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ON THIS PAGE: You will find some basic information about this disease and the parts of the body it may affect. This is the first page of Cancer.Net’s Guide to Carcinoid Tumor. To see other pages, use the colored boxes on the right side of your screen. Think of those boxes as a roadmap to this full guide. Or, click “Next” at the bottom of each page.
About the endocrine system and endocrine tumors
The endocrine system consists of cells that produce hormones. Hormones are chemical substances that are carried through the bloodstream to have a specific regulatory effect on the activity of other organs or cells in the body. Part of the endocrine system is the neuroendocrine system, which is made up of cells that are a cross between traditional hormone-producing cells and nerve cells.
A tumor begins when normal cells change and grow uncontrollably, forming a mass called a tumor. A tumor can be benign or malignant. A benign tumor is not cancerous and usually can be removed without it causing much harm. A malignant tumor is cancerous and can be harmful if not found early and treated. It can spread to and damage the body’s healthy tissues and organs.
An endocrine tumor is a mass that affects the parts of the body that secrete hormones. Because an endocrine tumor develops from cells that produce hormones, the tumor itself can produce hormones and cause serious illness.
About carcinoid tumors
A carcinoid tumor starts in the hormone-producing cells of various organs, mostly in the gastrointestinal tract (such as the stomach and intestines) and the lungs, but it can also start in the pancreas, testicles (in males), or ovaries (in females). More than one carcinoid tumor can occur within the same organ. The cause of carcinoid tumors is unknown.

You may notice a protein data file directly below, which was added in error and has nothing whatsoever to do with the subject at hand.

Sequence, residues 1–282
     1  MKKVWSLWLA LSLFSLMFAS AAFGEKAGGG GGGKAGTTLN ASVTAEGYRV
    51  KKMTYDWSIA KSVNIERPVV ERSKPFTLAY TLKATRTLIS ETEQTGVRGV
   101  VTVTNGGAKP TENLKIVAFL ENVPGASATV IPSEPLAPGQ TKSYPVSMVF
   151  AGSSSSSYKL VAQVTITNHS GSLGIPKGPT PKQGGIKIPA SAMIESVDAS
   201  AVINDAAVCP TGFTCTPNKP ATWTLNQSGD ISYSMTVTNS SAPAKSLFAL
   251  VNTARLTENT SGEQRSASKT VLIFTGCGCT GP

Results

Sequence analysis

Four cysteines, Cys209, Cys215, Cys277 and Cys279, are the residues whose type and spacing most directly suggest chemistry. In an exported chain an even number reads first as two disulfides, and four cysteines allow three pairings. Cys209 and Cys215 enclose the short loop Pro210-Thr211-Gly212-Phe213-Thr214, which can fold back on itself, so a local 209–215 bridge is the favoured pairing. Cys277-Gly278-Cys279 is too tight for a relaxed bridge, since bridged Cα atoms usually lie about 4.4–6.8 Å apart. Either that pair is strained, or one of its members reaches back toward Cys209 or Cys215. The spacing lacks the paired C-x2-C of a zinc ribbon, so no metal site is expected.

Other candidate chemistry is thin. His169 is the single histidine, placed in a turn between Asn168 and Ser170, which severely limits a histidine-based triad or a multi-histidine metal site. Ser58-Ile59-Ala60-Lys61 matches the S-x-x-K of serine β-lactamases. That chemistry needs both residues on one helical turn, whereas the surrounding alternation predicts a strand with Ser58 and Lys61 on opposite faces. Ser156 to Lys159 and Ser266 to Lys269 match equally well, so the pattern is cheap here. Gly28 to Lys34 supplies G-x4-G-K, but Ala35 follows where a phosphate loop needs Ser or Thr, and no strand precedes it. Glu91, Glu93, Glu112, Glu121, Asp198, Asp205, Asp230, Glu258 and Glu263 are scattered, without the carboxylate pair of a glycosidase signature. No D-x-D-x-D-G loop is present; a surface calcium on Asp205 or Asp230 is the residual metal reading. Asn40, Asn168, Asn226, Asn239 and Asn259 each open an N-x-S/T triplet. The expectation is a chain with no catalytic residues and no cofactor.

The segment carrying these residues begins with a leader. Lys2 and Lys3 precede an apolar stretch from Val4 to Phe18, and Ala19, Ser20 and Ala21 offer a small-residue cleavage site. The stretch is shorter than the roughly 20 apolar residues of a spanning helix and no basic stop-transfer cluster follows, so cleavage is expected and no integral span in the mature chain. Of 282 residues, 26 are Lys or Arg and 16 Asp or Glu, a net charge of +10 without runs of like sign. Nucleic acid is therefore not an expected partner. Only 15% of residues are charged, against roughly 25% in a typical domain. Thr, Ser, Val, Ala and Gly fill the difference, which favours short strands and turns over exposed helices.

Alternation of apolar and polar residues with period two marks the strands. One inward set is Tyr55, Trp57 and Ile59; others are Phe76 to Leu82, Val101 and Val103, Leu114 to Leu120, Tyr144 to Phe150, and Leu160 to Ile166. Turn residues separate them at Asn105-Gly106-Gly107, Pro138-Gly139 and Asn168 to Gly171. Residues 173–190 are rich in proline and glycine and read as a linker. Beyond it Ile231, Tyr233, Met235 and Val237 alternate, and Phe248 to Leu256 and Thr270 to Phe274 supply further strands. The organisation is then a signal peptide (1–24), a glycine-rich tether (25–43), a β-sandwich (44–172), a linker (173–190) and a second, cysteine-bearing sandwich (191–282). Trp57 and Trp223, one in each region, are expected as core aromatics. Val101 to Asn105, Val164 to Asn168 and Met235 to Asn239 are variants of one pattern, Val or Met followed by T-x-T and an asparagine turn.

A carcinoid tumor is a type of neuroendocrine tumor, which means it starts in cells of the neuroendocrine system that make hormones. A carcinoid tumor can make high levels of neuropeptides and amines (hormone-like substances); however, they may not be released in large enough amounts to cause symptoms, or they may be defective and not cause symptoms. A carcinoid tumor can grow slowly for many years without causing symptoms. Although a carcinoid tumor is cancerous, it is often described as "cancer in slow motion."
Here is a general overview of where carcinoid tumors begin:
- 39% occur in the small intestine.
- 15% occur in the rectum.
- 10% occur in the bronchial system of the lungs.
- 7% occur in the appendix.
- 5% to 7% occur in the colon.
- 2% to 4% occur in the stomach.
- 2% to 3% occur in the pancreas.
- About 1% occurs in the liver.
- They rarely occur in ovaries, testicles, and other organs.
There are two subtypes of lung carcinoid tumors: typical and atypical. The difference is based on how a tumor processes and makes serotonin (5-HT, a neurotransmitter involved in behavior and depression):
- A typical lung carcinoid tumor causes high levels of serotonin and chromogranin-A in the blood and high levels of 5-HIAA (a product of serotonin breakdown) in the urine.
- An atypical lung carcinoid tumor has normal levels of serotonin and chromogranin-A in the blood and normal levels of 5-HIAA in the urine but high levels of serotonin and 5-HTP (an amino acid) in the urine, and it can make 5-HTP.
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